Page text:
Constitutional Court postpones decision on “unconstitutional” doctor’s fees

Фото: Штепанка Будкова

The Constitutional Court in Brno has postponed a decision on whether symbolic fees for visiting the doctor are unconstitutional. The court’s chairman Pavel Rychetský said the court needed more time to reach a decision. He was speaking after a day of deliberations and cross-examination with the health minister and even the prime minister appearing to give testimony.

Mirek Topolánek and Tomáš Julínek, photo: CTK
Health Minister Tomáš Julínek appeared before the Constitutional Court judges on Wednesday to defend his reforms. The case, brought by the opposition Social Democrats and Communists, accuses the government of violating the Constitution by introducing a fee of 30 crowns – about one euro 20 cents – each time people visit their GP.

The government says the fees are to dissuade people from abusing the health system, but Mr Julínek was asked several times whether those fees were purely symbolic or represented something tangible. Also in the dock on Wednesday was Prime Minister Mirek Topolánek, who appeared in Brno to defend his government’s legislation.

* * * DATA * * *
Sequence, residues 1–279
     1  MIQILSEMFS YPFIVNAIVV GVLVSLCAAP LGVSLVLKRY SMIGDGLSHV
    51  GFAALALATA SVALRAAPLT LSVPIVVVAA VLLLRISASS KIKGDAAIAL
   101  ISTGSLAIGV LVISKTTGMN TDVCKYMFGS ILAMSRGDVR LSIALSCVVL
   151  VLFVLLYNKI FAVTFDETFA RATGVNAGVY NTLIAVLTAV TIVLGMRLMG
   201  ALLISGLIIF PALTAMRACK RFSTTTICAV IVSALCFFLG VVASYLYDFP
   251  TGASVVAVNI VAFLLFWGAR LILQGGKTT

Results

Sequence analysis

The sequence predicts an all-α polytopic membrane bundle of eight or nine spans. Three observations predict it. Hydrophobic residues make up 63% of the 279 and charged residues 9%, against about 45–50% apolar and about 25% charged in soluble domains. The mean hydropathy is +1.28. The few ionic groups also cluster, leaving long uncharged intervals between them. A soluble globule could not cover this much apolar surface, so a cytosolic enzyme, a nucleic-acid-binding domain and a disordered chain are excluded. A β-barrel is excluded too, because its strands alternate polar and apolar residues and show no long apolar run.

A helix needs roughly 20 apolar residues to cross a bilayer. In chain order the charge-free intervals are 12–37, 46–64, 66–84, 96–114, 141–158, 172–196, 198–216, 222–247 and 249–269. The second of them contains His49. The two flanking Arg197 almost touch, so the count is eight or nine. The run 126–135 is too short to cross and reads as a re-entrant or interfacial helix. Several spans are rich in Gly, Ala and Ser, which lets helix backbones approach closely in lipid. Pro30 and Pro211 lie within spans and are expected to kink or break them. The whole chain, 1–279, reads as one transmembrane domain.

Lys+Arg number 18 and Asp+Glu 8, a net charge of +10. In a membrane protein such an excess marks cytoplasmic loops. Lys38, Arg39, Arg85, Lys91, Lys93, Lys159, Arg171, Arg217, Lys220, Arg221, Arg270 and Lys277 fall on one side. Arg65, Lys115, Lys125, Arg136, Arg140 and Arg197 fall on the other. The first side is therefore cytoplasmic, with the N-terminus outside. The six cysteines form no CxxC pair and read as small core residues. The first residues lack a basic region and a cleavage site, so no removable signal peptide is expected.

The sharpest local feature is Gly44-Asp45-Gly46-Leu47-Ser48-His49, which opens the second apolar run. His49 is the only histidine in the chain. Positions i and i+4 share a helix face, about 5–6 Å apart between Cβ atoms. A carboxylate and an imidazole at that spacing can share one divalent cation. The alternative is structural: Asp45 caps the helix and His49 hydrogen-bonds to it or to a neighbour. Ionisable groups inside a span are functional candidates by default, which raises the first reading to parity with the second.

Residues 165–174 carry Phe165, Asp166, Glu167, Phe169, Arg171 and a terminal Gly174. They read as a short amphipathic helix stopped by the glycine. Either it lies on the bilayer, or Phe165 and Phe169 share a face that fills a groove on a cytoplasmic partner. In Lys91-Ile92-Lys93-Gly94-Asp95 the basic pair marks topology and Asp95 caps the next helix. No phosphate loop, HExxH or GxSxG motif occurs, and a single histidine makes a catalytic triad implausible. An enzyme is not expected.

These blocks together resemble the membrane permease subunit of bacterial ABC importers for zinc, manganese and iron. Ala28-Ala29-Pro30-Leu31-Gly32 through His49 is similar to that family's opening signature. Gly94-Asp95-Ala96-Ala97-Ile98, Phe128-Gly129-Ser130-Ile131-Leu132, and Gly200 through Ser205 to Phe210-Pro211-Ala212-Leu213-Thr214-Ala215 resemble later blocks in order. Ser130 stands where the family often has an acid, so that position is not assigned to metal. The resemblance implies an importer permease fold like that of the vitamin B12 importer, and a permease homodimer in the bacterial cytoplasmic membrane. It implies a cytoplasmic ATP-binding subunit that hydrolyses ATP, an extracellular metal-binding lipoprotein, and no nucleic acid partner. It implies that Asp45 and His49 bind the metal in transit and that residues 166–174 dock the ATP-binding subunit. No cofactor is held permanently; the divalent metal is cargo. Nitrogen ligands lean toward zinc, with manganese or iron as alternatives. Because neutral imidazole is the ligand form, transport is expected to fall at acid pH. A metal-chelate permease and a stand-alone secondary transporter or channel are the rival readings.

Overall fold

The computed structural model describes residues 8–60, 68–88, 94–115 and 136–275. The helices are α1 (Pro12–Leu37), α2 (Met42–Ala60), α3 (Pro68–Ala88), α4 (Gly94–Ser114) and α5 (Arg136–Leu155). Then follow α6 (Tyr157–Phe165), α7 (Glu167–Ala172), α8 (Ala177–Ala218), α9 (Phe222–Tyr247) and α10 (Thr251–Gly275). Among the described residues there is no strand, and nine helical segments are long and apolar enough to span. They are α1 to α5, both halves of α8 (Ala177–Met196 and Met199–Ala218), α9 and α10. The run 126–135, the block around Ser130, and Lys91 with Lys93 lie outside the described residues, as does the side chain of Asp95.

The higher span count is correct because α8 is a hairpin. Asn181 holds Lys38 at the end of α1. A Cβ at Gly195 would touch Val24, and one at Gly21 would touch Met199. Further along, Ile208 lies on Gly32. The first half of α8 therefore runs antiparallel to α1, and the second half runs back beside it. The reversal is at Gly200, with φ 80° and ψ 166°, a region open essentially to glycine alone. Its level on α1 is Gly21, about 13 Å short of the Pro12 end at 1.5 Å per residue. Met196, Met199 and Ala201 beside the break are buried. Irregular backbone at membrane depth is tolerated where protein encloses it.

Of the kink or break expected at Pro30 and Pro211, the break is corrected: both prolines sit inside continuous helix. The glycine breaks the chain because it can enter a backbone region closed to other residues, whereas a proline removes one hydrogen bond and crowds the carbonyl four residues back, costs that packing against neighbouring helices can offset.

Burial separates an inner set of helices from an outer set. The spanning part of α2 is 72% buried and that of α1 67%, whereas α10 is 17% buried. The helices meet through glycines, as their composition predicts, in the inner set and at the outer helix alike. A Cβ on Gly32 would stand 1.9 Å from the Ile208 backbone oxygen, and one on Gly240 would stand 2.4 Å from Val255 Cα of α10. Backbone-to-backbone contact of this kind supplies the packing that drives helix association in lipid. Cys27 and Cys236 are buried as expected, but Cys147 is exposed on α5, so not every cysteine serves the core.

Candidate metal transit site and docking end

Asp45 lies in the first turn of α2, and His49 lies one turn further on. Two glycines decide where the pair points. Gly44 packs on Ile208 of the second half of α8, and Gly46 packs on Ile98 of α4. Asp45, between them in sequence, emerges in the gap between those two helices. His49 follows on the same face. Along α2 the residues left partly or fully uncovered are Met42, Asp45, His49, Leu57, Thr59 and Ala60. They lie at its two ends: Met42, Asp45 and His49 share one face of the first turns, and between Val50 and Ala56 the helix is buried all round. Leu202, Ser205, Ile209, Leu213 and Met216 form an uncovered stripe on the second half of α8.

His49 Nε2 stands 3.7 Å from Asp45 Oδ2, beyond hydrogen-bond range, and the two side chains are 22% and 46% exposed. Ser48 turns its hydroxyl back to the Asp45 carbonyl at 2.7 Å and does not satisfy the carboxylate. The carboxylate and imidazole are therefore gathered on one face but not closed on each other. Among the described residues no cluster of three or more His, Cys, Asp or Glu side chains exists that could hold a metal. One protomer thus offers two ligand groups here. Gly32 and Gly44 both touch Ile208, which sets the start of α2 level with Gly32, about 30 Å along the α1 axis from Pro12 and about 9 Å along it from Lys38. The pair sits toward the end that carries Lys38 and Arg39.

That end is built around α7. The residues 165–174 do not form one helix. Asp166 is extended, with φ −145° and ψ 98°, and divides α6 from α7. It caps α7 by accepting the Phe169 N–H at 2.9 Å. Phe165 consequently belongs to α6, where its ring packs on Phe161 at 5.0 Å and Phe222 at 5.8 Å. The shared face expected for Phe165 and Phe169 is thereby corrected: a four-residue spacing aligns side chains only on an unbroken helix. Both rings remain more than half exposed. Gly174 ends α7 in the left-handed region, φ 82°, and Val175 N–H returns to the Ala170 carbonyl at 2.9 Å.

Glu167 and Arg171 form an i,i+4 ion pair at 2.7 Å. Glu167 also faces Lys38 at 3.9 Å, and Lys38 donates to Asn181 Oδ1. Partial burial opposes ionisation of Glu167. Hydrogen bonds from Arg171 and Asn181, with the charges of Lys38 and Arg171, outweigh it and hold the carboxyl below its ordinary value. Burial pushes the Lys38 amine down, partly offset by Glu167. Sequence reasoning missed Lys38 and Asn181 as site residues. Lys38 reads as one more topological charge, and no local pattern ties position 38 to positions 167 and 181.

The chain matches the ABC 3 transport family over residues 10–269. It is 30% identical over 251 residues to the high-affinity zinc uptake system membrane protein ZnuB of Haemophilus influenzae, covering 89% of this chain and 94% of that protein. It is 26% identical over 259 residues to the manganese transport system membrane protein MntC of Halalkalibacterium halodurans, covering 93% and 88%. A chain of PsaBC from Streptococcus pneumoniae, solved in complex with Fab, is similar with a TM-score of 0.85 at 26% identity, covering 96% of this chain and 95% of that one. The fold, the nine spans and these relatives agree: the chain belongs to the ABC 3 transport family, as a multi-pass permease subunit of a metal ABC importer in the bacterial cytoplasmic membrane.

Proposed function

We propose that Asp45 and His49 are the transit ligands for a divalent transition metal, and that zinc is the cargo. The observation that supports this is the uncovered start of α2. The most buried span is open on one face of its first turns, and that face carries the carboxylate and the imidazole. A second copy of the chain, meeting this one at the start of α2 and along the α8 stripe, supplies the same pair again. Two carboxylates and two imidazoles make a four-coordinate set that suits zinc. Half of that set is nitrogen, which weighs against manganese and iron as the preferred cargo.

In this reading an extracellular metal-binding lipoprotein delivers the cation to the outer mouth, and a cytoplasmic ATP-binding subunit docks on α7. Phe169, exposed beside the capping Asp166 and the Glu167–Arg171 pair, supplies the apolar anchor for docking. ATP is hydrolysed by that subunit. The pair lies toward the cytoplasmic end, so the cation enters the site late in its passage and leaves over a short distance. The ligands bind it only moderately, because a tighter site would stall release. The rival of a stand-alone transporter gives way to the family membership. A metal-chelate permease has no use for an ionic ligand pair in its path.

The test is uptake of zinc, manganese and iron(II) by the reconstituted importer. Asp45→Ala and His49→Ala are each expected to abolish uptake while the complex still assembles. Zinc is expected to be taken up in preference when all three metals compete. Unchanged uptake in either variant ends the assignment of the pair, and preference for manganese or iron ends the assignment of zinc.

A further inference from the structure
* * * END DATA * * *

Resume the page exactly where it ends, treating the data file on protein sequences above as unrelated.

Mr Topolánek said without the government’s unpopular and controversial reforms, the health system would simply collapse. Constitutional Court chairman Pavel Rychetský told reporters afterwards the court needed more time to formulate its position, and would release a verdict at the next session on the matter. He did not say when that would be.

The day’s events – which at times resembled an afternoon in parliament rather than the deliberations of a court – received a positive spin from Michal Hašek, head of the opposition Social Democrat (CSSD) deputies' group. Mr Hašek claimed the Court clearly had strong doubts about the reforms, hence the postponement.

Critics say it meant nothing of the sort, and maintain the reforms are both constitutional and vital. So far, it seems, the Constitutional Court agrees. The Court has divided complaints over the centre-right’s comprehensive public finance reforms into three parts. In January it ruled that the overall changes, including tax reform, are constitutional. The healthcare reforms discussed on Wednesday are the second part. It still has to examine changes to the social benefit system.